LIBERATING CORNWALL

2 September 2007

Life’s getting better

I’ve said before that people here differ in how they see Cornwall. Some see themselves as Cornish not English and Cornwall as in sundry ways a separate country. Others see themselves as English or Cornish-and-English and Cornwall in 2007 as a county of England; there are other identities and combinations too. I’m sure most of us get on with our lives and one another and don’t fret about our identities. We are concerned with seizing life and opportunities ourselves and encouraging others to do so.

And life and opportunities are improving in Cornwall and are there for the seizing. The economy is growing, there are more jobs, British and EU funds are making a difference, Cornwall is not the worst-off place in England. In large ways and in a thousand small ways Cornwall is going forward: see the Vorsprung Cornwall posts for the latter.

Oh, of course Jerusalem is not yet. For example, housing for those starting out is a serious problem, as it is elsewhere in England; and the obvious solution of building enough housing specifically for them is costly and hampered by a variety of unconvincing objections. Many wages are debilitatingly low but objective one and convergence EU funds together building the economy are our best hope of raising them significantly.

However, overall there is very much about twenty-first century Cornwall to be upbeat about. Be of good cheer. This is the liberation of Cornwall.

Nationalist difficulties in the face of more prosperity

Faced with the demonstrable improvements in life nationalism has a problem. A common argument is that Cornwall is at the bottom of every league and suffers from deliberate neglect and unfairness by the British government and only nationalist solutions can work. This nationalist argument is falling apart. More and more people here can see with their own eyes it is not true. Cornwall is doing well as a county of England. The economic grievance agenda is looking ludicrous and surreal.

Of course, the argument that “we’re ethnically different and that’s important” still persuades some people here and I am happy for people to identify themselves as Cornish and celebrate their Cornishness. However, the vast majority of people here, whatever ethnic label they give themselves voluntarily or if asked or pressed and whatever they celebrate, are not agitated about ethnicity and genetics and happily get on with their lives and one another. It is a small minority that sweats about labels or minisculely different DNA. Most people walking down the street or drinking in the pub cannot tell who is Cornish, who is English, who is whatever; and for most people it is not an everyday concern at all.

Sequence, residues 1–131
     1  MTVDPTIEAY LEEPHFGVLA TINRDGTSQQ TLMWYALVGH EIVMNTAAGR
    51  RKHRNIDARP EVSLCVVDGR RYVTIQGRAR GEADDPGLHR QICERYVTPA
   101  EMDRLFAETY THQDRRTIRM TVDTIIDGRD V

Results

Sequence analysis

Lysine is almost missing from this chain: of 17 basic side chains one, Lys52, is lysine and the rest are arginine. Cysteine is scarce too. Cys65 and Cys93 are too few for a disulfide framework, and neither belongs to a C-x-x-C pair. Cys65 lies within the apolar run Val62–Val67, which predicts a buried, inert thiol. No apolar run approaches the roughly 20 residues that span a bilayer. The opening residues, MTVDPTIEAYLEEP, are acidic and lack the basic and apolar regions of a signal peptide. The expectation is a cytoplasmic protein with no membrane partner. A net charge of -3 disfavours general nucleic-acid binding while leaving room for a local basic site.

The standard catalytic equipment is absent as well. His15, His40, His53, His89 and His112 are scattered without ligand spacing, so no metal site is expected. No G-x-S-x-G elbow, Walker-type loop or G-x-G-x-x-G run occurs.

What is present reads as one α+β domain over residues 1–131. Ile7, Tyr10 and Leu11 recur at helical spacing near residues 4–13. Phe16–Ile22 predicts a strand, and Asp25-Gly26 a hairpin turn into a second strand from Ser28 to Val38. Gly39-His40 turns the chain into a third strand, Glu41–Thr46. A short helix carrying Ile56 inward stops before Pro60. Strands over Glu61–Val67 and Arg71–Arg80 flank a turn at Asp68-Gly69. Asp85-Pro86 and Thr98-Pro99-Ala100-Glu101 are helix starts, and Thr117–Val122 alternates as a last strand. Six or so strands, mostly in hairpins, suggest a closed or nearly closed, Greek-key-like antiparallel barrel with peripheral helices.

Devastatingly for nationalism, most people are able to celebrate Cornishness without signing up to nationalist politics. The constitutional argument does not touch them; they celebrate Cornishness but do not believe Cornwall is a separate country from England and instead believe that Cornwall is and has been for centuries a county of England. Only nationalism links contemporary Cornishness with some form of Cornish political separateness.

I believe the nationalist constitutional argument, the belief that Cornwall is truly not a county but a country and the county arrangements are illegal as would be clear if only a court could be found to say so, is of interest to only a handful who look backward to a contested history.

Nationalism in fact largely stresses localism and a claimed administrative efficiency as the argument for devolution, though this apparently can incorporate the belief that using the word Cornish in front of an institution necessarily makes it work better, and the claim that Cornwall is a “Celtic nation” is still advanced as a reason for devolution.

Electoral nationalism fails

Real life gets in the way of nationalist theory. Hardly anybody votes for explicit nationalists or, as far as I can see, joins their organisations. Mebyon Kernow (MK), the largest and most public nationalist group, has made no serious electoral progress for years. The other political nationalist organisations here are distinguished for their insignificance in the lives of most people in Cornwall.

Electoral nationalism has failed.

The changing improved circumstances of real life and the failure to make headway among voters and people generally have, however, energised some on the nationalist spectrum. I shall look at these in another post.

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